rooms, video and audio recording and internet access etc.

These are all of course, general ways in getting joe user to come in and
test a product - I don't think it's fundamentally different for a more
diverse usergroup - just harder :)

Hope this helps a little,
Tanem

On 2/11/06, Robert Hoekman, Jr. <mmbeta at gmail.com> wrote:
>
> Great answer, actually, and I have considered these points myself -
> thanks for the great input.
>
> But yeah, I'm looking more specificallly for information about how to
> *get* the users to do the usability tests. I don't have a direct way
> to contact people who will be using the product, nor do I have a
> centralized location in which to test them. How do I find and then
> attract users, who currently or might eventually use our products, to
> become part of a usability study, and how I do then perform it?
>
> One thing that comes to mind is some sort of opt-in offer through a
> follow-up email after purchasing our product that ask customers if
> they'd be willing to test out future versions, but I don't know
> feasible this is. Some sort of beta program would be great after a
> product is about ready to roll, but I need people to test against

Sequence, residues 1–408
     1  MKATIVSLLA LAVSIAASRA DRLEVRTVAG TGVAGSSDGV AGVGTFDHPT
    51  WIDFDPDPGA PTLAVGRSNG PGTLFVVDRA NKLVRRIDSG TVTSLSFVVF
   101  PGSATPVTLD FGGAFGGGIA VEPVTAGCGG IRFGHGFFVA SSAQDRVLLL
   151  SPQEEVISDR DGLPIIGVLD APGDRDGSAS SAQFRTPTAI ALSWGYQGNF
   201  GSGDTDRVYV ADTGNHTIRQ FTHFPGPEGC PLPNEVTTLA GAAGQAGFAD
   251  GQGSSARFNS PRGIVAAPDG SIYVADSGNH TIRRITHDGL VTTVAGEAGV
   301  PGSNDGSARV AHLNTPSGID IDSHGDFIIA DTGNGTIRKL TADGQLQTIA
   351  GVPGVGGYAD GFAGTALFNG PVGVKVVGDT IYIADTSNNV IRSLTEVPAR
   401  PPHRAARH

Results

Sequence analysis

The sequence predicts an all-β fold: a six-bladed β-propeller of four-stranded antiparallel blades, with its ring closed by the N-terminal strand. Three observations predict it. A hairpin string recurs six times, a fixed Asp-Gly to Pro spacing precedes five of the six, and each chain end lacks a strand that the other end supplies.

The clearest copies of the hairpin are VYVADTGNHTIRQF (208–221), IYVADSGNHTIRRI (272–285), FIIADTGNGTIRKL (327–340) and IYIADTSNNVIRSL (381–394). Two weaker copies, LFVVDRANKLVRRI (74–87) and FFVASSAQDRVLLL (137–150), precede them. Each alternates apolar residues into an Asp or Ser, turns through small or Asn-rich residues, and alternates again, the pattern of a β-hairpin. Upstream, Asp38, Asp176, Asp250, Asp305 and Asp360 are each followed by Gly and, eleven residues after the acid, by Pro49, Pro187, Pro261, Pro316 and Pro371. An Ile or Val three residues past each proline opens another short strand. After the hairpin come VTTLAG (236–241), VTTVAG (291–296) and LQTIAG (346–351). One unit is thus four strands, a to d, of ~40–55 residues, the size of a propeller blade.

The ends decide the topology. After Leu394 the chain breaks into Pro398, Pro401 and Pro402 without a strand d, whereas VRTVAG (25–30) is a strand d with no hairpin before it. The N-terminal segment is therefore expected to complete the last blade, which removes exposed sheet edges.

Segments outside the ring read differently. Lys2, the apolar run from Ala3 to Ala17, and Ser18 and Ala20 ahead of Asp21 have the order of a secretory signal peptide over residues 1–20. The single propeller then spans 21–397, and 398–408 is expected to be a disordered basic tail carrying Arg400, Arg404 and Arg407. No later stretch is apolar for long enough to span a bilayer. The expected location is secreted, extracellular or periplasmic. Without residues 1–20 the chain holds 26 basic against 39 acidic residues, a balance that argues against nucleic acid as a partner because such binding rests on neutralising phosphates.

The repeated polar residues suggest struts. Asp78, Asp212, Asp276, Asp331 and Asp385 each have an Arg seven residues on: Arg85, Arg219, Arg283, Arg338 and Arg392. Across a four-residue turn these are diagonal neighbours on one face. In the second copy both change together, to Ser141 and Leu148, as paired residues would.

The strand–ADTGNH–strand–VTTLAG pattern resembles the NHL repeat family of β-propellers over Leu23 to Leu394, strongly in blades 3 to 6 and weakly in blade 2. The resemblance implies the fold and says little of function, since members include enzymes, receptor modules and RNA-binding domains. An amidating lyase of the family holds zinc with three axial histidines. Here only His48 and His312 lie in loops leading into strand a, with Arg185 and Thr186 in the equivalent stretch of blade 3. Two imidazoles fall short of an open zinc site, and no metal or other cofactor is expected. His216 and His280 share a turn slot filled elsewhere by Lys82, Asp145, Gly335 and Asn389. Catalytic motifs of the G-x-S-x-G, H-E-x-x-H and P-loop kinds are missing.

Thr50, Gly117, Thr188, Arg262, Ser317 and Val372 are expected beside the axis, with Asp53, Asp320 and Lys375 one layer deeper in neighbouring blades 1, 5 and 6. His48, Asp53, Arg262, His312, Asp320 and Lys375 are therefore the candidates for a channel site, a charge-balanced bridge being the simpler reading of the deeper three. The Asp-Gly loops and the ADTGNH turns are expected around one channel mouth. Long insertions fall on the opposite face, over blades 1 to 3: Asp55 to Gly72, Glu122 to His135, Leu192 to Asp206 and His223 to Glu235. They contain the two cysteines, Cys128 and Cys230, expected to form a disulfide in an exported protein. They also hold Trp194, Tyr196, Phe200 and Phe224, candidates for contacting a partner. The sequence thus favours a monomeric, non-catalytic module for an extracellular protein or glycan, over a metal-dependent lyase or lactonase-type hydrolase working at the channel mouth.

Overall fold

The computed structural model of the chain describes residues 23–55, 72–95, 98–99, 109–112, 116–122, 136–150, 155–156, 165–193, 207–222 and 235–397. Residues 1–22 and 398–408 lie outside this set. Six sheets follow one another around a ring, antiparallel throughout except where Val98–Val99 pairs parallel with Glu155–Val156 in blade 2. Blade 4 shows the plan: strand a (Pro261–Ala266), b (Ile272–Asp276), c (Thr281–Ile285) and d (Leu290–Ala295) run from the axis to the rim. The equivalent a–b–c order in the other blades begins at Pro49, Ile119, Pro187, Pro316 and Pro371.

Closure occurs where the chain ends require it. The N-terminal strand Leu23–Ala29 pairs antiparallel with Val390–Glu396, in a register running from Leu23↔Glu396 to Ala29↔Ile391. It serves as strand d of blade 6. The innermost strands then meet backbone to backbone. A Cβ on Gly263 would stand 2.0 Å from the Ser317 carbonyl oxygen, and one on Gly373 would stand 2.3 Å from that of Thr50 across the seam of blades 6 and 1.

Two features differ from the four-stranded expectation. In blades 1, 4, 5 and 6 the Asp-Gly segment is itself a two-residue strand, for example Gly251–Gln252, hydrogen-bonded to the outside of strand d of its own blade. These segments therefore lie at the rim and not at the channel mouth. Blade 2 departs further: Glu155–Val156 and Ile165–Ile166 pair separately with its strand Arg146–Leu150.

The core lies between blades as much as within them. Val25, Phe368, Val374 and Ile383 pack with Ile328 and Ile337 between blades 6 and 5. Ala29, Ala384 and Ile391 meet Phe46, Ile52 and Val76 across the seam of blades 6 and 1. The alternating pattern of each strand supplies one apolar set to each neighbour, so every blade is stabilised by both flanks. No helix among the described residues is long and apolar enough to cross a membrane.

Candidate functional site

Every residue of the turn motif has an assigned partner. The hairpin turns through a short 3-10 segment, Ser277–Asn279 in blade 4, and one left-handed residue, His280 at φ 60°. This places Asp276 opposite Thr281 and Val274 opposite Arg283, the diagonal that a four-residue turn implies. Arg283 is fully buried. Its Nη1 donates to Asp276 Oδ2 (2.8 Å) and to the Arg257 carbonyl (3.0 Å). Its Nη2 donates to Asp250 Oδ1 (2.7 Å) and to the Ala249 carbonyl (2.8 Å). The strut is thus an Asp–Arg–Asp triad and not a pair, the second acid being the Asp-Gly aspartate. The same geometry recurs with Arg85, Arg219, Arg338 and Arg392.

> paper prototypes, way early in the process. How might I get that done?
> Everyone I'll be working with, of course, is a computer genius. I need
> people more like the potato farmer.
>
> Thanks again ...
>
> -r-
>
>
>
> On 2/11/06, Taneem Talukdar <taneem.t at gmail.com> wrote:
> > This could be viewed as a non-answer...
> >
> > No matter how diverse these people may be, they all share at least one
> thing
> > in common: a need to use your product. So that does put them in a group,
> but
> > an unusually diverse one. In that case, a solution may be to try and
> perform
> > some segmentation analysis and recruit from the differently segments
> > proportionally. Between the potato farmer and the startup guy there are
> > multiple different characteristics you can use to cateorize types of
> people:
> > income, training, motivation, past user experience, environment etc. It
> is
> > unlikely that you will identify more than a handful of really different